Maronite Cross Meaning

By The Maronite Cross is also referred to as an Antiochene Cross. Antioch, an ancient city in present day Turkey, was converted to Christianity through the ministry of the apostle Paul and fellow missionary Barnabas. Saint Peter was the first bishop and the Church extended its territory, becoming one of the original patriarchates. These […]

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The sword of the Maronite Prince

    These two swords offered by King Louis XIV and Pope Clement X are found at Jean-Philippe el Khazen’s residence. The manuscript, written by the Kadisha valley monks, the sacred valley of Lebanon’s hermits, is written in Syriac. Back in the seventeenth century, France was very fond of Cheikh Abou-Naufal el-Khazen, a devoted Catholic […]

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On ne peut parler des druzes sans evoquer les Joumblatt, de meme pour les maronites sans s’etendre sur les Khazen. En effet, la population maronite du Liban etait concentree principalement dans les montagnes nordiques de Jebbet-Becharre. Au debut du XVIIeme siecle, attires par la tolerance religieuse et les opportunites d’emploi, ils commencerent a emigrer de Jebbet-Becharre et du sud de Jbeil vers Ie Chouf et Ie Kesrouan. Vers la fin des annees 1600, ils avaient completement colonise Ie Kesrouan et les maronites devinrent une part de I’emirat maanite de Djebel druze. Eglises et couvents, prelats et pretres les suivirent et, graduellement, Ie Kesrouan devint Ie centre de la communaute maronite, atteignant son apogee quand Ie patriarcat s’y installa en 1766.

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Quand la situation dans le Chouf redevint normale, sitt Nassab quitta Balloune et se rendit chez son frere l’emir Seifeddine al-Tannoukhi a Abey. Quand les enfants attinrent leur majorite, qui etait de 14 ans a l’epoque, leur oncle maternel leur rendit leur wilayat du Chouf et l’aine, devenu l’emir Fakhreddine II, reconnaissant, demanda a Ibrahim ibn Chidiac Sarkis el-Khazen de le rejoindre en son palais, le fit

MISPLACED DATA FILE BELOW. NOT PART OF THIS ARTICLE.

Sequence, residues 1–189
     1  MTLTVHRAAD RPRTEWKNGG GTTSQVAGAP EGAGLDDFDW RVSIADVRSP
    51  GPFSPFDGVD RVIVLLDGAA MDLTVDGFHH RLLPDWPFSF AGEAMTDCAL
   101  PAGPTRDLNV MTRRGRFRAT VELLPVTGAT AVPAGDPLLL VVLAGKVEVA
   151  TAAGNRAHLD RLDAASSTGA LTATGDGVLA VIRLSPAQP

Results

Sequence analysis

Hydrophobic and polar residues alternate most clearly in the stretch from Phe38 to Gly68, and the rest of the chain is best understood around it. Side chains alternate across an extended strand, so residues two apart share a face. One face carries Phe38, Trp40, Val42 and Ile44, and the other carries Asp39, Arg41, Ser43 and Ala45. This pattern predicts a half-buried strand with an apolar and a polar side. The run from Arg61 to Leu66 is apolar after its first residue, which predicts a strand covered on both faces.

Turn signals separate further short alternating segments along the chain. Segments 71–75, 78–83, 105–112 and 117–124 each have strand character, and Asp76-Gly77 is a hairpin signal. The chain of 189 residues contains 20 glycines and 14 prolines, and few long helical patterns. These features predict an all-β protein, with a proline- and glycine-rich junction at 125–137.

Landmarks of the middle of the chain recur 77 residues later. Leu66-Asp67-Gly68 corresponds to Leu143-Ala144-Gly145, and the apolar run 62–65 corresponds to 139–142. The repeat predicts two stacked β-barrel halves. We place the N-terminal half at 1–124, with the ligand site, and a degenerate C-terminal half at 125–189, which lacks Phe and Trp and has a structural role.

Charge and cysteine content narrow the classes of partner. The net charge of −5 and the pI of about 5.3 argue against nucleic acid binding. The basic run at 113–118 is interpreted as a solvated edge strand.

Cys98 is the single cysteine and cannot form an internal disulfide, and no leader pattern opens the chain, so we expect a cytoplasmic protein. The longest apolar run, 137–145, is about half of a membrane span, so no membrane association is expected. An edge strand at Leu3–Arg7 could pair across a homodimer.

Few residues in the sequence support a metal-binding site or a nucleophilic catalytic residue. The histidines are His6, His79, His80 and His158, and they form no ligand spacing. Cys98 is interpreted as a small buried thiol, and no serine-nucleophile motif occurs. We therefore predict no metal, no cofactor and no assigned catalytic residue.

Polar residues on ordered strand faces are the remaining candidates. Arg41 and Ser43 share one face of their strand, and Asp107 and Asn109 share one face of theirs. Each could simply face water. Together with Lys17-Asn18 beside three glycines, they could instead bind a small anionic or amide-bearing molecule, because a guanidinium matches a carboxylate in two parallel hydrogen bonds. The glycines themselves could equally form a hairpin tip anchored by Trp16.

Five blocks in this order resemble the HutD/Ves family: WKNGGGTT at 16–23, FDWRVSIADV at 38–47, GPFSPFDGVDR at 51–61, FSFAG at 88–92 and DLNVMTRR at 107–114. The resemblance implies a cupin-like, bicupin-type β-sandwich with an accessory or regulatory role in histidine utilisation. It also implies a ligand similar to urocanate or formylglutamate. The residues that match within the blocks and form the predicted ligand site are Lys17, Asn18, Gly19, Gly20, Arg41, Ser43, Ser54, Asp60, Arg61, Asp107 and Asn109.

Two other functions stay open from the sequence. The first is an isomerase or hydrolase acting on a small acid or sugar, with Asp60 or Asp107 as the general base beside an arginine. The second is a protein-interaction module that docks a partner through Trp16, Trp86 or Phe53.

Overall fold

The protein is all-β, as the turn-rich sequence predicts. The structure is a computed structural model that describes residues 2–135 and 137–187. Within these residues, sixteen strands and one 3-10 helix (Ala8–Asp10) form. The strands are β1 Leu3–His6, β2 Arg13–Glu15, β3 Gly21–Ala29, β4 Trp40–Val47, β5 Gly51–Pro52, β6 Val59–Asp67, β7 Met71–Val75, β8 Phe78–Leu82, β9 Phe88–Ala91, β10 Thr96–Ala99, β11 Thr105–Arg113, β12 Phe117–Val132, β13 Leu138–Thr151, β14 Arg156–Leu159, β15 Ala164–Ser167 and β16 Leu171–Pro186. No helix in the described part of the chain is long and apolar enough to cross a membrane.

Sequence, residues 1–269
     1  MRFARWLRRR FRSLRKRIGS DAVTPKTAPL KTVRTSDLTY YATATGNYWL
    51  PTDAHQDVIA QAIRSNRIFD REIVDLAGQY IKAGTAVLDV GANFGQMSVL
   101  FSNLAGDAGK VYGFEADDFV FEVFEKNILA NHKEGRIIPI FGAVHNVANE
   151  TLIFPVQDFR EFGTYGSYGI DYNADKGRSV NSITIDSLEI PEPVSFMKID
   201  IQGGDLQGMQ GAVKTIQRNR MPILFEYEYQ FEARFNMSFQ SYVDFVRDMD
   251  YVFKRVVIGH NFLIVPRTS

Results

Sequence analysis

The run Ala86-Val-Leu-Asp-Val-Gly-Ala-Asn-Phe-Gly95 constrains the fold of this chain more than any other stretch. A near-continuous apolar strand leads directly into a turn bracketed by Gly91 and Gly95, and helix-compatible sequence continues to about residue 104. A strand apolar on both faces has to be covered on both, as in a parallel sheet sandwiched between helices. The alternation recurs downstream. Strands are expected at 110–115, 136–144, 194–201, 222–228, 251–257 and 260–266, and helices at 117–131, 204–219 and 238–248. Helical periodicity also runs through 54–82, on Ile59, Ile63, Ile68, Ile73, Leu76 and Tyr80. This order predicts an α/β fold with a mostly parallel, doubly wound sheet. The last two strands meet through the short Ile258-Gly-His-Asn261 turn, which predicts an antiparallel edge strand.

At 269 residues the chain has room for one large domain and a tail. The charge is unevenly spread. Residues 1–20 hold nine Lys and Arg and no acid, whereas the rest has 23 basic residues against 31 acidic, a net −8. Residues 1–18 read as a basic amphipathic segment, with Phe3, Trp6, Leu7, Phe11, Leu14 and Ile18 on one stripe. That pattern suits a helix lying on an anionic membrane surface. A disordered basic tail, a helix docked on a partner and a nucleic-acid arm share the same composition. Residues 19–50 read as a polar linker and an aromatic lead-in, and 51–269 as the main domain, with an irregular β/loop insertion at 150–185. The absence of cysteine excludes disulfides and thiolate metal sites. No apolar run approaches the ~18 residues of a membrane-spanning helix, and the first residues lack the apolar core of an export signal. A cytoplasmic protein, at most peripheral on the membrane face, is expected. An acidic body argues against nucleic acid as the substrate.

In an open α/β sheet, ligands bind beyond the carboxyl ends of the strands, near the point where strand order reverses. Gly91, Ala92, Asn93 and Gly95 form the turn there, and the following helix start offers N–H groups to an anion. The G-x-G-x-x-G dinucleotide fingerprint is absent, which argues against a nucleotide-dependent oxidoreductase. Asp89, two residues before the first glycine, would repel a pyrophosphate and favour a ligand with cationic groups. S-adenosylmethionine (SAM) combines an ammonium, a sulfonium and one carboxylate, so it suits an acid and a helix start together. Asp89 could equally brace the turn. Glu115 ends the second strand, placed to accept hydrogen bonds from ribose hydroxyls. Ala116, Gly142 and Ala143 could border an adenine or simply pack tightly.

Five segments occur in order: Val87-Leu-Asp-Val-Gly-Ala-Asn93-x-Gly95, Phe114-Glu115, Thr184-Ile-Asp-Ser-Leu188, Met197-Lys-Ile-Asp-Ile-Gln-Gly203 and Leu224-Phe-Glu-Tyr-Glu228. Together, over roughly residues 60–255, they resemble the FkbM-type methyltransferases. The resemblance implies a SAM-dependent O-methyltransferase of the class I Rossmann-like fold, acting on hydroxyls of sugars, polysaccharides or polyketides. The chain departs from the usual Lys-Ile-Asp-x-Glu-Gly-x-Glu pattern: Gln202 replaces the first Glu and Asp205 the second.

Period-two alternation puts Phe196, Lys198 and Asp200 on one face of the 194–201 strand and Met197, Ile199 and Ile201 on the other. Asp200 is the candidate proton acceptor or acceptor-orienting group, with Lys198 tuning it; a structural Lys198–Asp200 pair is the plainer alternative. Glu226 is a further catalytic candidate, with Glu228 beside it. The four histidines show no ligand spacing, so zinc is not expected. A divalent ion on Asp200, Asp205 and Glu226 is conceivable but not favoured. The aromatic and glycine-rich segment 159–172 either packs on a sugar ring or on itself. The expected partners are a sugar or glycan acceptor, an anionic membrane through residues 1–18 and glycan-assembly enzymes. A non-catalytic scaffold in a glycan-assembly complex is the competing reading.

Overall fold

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Origins of the Khazen Family

Author: Eliane Gebara (translated in English)

Eliane Gebara: The El Khazen family represents among the great Lebanese families a rather unique fact: as far back as time goes back in time, they are Maronites and have never changed their religious affiliation to the price of political ambitions. Instead, they took advantage of their confession to obtain several advantages, the least being that of consuls of France since Louis XIV.

Their origins are rather vague: they are said to be nomads of the Ghassanid tribe who, from the year 1100, moved between Damascus, Nablus, Houran and Yammoune and finally settled in Jaj, a small village above Jbeil. It is to the family’s aieul, the sub-deacon Sarkis el-Khazen, that we owe the first obvious trace of the family: indeed, he translated the Gospel into karchouni


It is 1584, Emir Korkomaz, son of Fakhreddine I, takes refuge in a cave of Jezzine and died there by fumigation because, unable to reach it, the orders of the wali Ibrahim Pasha were to light harmful herbs at the front of his refuge. Sensing his certain death, he asked his wife Nassab to leave him and secure his two children Fakhreddine and Younes. She flees, takes refuge in Deir el-Kamar at Sheikh Kiwan’s house, managing her husband’s business, and asks him to hide her children in Kesrouan with people she trusts. At night and in secret, Sitt Nassab and the two little princes are taken to Balloune and entrusted to Ibrahim ibn Chidiac Sarkis el-Khazen, known as Abu-Sakr.

In French Traditions in Lebanon, published in 1918 in Paris, the French consul Rene Ristelhueber wrote: “Not only the Khazen carefully hid the princely children, long ignorant of their illustrious birth, but they contributed to a large part to their education. Together with their tutor Cheiban, also Maronite, they cultivated the lively and precise intelligence of the young Fakhreddine

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